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Some Consumers Would Still Let Life Insurers Track Them With Smartphones

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Now that insurers are really starting to tie financial incentives to tracking data from wearable devices, the share of consumers who say they like the idea appears to be falling — but is still large.

Analysts at LendEDU look at consumer views on insurer use of wearable device tracking data in a new report on a survey of 1,000 U.S. residents ages 18 and older. The survey was conducted in August.

About 82% of the participants said they object to the idea of an insurance company installing biometric trackers in their bodies in exchange for giving them a chance to qualify for lower life or health insurance premiums.

But 7% of the participants said they were not sure about the idea an insurance company installing biometric trackers in their bodies in exchange for access to life and health discounts.

About 11% of the participants said they were OK with the idea of an insurance company installing biometric trackers in their bodies.


  • 18% of the participants said they were OK with the idea of giving an insurer access to their DNA, and 11% said they were not sure. Just 71% said they opposed the idea of insurer DNA access outright.
  • 8% said they would be open to letting insurers install cameras in their homes, to monitor their daily activities, and 5% said they were not sure. About 87% said they opposed the idea of in-home insurer cameras outright.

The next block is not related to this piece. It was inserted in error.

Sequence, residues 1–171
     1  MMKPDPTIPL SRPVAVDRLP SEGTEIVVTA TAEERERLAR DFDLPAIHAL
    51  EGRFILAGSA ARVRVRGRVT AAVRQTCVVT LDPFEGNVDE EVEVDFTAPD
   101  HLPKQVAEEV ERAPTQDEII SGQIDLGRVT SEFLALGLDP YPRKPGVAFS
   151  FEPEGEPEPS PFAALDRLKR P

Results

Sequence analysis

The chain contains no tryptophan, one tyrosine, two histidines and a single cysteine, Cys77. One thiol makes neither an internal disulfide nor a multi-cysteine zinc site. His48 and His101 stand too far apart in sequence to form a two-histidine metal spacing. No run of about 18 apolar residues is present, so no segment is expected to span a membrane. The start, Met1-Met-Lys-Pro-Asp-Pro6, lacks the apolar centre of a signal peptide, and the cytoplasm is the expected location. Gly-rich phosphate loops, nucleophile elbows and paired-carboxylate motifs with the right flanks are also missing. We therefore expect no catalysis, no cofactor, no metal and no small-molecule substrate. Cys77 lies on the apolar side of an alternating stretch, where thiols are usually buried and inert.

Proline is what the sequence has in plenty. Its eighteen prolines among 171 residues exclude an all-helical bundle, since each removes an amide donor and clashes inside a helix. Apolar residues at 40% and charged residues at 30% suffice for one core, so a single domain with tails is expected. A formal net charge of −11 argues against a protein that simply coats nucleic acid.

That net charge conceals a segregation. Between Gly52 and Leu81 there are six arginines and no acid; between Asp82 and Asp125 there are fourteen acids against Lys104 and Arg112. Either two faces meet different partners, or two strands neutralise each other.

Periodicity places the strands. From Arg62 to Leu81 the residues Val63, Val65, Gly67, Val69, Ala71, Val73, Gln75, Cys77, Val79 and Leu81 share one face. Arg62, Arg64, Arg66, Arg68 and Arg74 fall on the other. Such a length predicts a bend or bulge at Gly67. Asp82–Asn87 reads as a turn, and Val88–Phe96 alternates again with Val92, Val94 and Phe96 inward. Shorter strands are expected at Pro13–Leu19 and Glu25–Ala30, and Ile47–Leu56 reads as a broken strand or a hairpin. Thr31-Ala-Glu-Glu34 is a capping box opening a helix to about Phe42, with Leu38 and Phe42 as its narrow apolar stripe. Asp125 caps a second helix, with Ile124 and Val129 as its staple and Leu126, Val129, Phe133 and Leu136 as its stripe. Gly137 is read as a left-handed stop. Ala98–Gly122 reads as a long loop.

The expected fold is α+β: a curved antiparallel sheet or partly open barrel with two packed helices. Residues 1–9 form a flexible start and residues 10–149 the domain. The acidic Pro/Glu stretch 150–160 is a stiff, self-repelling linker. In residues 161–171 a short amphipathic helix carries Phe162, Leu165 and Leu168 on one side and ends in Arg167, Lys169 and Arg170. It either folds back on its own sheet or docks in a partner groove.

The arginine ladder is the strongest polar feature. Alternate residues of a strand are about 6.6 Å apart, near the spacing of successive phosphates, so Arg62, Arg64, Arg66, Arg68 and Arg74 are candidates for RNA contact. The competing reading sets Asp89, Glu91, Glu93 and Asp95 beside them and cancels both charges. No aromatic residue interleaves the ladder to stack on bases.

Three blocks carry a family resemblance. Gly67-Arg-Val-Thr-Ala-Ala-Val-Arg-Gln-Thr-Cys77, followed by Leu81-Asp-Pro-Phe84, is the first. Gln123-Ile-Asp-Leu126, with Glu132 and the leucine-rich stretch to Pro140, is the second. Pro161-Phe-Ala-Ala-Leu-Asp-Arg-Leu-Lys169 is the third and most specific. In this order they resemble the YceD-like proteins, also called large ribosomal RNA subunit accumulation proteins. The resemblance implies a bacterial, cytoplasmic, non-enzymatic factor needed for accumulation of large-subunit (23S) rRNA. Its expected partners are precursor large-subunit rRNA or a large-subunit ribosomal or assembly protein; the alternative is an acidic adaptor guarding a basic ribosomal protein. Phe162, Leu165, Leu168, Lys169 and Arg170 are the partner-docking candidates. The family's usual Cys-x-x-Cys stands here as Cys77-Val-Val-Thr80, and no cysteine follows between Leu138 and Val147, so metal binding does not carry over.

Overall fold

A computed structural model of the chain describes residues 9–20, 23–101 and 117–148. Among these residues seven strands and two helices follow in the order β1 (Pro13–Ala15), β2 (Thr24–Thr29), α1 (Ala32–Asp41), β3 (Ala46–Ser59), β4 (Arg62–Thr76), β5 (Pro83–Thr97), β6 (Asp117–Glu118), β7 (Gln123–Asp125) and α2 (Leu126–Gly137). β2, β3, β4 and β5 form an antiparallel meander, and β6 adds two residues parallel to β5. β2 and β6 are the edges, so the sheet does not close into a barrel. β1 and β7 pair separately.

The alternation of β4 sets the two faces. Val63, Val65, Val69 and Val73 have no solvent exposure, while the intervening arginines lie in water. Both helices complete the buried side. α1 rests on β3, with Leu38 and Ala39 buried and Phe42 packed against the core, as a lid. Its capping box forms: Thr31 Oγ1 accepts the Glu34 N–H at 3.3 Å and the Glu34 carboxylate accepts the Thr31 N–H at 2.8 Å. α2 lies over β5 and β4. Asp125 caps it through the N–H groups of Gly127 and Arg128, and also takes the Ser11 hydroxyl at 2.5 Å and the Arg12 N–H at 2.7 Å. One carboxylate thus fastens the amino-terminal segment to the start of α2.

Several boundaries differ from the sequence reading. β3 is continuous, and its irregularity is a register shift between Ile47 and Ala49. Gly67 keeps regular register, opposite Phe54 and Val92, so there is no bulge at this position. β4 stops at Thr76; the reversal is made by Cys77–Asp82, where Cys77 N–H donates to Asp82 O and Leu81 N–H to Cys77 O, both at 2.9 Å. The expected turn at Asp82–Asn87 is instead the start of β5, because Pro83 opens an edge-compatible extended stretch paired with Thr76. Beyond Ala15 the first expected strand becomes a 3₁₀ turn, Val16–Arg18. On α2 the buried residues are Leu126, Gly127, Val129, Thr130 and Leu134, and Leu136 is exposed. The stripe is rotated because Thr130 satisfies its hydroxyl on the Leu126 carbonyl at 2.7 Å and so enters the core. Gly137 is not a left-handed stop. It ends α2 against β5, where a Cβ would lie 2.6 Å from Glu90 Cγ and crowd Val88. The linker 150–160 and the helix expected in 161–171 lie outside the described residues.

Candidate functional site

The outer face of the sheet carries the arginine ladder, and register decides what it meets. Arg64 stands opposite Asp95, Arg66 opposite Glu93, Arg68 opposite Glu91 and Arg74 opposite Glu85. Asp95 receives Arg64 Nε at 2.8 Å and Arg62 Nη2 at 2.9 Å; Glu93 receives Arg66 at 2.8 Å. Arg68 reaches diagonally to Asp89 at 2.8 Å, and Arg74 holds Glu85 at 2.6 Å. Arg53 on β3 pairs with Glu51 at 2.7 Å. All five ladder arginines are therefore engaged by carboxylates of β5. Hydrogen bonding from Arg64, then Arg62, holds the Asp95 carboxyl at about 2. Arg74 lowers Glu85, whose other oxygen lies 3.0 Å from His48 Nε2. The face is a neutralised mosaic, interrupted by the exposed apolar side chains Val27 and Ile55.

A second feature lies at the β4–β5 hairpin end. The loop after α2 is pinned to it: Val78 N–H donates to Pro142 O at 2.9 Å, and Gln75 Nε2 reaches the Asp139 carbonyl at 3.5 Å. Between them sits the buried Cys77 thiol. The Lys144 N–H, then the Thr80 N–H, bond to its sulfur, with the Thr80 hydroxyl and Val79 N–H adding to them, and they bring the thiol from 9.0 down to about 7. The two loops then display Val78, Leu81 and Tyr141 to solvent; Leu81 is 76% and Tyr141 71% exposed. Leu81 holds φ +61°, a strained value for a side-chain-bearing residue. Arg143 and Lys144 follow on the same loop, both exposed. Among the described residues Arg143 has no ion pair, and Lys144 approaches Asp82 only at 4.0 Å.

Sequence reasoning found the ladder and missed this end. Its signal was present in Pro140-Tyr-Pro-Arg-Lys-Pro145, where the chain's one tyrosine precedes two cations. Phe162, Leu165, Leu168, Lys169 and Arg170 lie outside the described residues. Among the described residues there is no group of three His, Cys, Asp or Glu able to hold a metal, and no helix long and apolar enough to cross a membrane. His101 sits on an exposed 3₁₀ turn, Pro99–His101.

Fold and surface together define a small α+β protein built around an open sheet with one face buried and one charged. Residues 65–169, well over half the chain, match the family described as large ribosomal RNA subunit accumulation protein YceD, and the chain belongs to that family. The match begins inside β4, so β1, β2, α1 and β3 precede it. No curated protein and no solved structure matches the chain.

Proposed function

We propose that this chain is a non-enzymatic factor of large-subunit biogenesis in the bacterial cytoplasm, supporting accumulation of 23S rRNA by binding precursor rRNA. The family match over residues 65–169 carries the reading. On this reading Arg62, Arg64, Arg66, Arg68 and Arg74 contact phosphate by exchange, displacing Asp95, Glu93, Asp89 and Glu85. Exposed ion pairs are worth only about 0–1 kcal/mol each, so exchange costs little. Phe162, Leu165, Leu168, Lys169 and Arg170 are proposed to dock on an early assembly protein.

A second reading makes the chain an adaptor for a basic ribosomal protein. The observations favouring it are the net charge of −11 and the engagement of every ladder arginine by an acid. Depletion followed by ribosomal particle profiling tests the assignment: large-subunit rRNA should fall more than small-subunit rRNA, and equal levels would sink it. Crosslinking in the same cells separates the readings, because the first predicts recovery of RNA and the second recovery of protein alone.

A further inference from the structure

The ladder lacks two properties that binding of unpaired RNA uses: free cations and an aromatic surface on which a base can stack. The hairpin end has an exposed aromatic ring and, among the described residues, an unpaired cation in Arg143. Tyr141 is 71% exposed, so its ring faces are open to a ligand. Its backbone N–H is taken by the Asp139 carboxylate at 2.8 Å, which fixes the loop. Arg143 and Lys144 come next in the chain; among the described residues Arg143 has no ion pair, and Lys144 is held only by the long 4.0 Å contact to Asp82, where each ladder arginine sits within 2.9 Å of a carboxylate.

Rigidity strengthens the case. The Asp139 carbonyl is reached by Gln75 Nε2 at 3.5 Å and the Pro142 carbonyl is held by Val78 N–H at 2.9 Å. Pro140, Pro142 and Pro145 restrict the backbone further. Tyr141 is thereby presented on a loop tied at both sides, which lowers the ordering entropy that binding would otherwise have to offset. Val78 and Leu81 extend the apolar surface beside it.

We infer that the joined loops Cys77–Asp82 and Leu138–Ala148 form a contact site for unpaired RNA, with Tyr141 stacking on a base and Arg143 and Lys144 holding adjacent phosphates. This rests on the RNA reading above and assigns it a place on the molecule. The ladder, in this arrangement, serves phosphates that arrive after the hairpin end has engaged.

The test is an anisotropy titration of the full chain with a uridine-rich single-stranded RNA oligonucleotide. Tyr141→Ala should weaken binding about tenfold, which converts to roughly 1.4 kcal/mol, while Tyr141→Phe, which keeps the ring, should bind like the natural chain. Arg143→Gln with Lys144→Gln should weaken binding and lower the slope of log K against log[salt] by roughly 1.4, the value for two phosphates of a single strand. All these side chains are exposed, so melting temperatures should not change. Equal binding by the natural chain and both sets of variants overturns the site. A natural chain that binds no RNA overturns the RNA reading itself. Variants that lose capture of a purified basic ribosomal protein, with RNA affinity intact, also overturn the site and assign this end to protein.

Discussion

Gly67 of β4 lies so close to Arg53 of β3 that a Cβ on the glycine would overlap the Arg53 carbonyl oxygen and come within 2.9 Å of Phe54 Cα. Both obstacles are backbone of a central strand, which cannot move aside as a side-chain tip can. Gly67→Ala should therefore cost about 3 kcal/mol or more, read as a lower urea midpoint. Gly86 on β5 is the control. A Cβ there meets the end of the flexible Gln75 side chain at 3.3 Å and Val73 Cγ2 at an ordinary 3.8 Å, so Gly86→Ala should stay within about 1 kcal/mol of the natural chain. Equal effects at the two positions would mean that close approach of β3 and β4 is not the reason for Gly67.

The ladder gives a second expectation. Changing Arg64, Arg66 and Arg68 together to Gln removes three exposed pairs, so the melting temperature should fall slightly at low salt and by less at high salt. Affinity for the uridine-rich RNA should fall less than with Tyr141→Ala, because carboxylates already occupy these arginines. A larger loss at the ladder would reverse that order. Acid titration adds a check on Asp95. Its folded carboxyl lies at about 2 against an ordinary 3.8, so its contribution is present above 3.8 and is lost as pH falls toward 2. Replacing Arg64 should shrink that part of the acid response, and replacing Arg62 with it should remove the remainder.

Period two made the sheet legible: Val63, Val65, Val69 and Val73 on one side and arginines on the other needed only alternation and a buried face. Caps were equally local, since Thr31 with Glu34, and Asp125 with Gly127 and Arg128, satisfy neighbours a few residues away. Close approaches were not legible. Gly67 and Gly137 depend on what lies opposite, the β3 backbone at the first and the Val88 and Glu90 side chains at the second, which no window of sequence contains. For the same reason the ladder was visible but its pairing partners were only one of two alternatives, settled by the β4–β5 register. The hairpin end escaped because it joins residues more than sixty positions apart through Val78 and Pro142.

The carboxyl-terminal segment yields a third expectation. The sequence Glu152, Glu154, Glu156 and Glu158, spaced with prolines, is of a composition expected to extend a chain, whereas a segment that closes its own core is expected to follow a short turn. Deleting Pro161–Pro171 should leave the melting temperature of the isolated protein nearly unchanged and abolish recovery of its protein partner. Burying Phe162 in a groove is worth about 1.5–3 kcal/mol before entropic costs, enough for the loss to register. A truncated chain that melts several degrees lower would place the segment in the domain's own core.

More information about the survey is available here.

What Have Insurers Been Saying About Wearable Devices?

John Hancock recently announced that it will now give all of its life insurance policyholders incentives to report on their wellness efforts, and that it will also encourage policyholders to use wearable devices to track wellness metrics, such as how many steps they take each day.

(Related: John Hancock to Build Wellness Incentives Into All Life Policies)

In Berlin, ONE is tying premiums for personal household and liability insurance partly to reports from smart phone-based risk-tracking systems.

(Related: Insurtech Tadpoles Swim With the Frogs)

Back in 2016, managers of Life Happens’ 2016 Insurance Barometer Survey found that 51% of U.S. millennials surveyed, and 30% of all U.S. people surveyed, said they were very or extremely likely to share wearable tracking data with life insurers in exchange for financial rewards.

The new LendEDU survey results suggest that consumer acceptance of insurer wearable device use may be shrinking as real-world use of tracker technology expands.

What Could Happen to Insurer Wearable Device Use in the Future?

State and federal health privacy and data security laws, such as the Health Insurance Portability and Accountability Act (HIPAA), could also put tight limits on insurer use of tracking data.

But the LendEDU results also suggest that there could still be a large niche market for tracker-based life and health insurance discount programs.

If the same LendEDU survey participants who were open insurers putting cameras in their homes were the ones who were open to insurer DNA access, and insurer access to wearable device tracking information, that means that more than 20 million U.S. adults may be open to life and health discount programs that involve the use of wearable device tracking systems, insurer DNA access and insurer-controlled in-home cameras.

— Read Share Tracker Data With Life Insurers? Consumers Like the Ideaon ThinkAdvisor.

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